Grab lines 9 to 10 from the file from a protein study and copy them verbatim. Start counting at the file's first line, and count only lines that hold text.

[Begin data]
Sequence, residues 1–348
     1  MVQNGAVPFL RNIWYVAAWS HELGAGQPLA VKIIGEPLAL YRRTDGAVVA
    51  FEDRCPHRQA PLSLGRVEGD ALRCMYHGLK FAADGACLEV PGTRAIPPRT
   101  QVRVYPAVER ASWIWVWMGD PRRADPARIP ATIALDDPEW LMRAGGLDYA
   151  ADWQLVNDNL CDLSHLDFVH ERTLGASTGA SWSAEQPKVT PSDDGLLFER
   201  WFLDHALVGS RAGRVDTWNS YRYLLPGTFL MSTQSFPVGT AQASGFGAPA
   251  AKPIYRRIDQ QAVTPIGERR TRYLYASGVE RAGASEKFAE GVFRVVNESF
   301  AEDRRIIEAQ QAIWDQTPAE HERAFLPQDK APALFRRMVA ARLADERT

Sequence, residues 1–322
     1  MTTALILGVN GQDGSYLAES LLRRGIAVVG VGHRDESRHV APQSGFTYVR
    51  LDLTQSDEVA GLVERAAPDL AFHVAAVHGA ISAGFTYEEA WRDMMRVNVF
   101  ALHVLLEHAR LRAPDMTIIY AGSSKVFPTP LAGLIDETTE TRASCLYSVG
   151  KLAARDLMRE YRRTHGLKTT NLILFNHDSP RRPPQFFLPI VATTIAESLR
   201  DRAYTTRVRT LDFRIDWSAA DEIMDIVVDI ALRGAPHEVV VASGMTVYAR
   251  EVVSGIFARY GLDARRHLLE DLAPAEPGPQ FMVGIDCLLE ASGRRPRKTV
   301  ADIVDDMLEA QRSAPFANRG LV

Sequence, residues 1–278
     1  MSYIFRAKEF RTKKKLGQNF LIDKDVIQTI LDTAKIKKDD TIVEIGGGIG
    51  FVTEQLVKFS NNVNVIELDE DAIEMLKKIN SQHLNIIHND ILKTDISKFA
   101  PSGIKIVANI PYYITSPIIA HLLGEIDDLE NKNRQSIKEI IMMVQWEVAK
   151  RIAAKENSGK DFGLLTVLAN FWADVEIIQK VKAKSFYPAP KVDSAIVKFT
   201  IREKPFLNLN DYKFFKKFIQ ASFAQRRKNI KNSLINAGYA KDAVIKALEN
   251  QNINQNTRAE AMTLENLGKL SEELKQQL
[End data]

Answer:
Sequence, residues 1–322
     1  MTTALILGVN GQDGSYLAES LLRRGIAVVG VGHRDESRHV APQSGFTYVR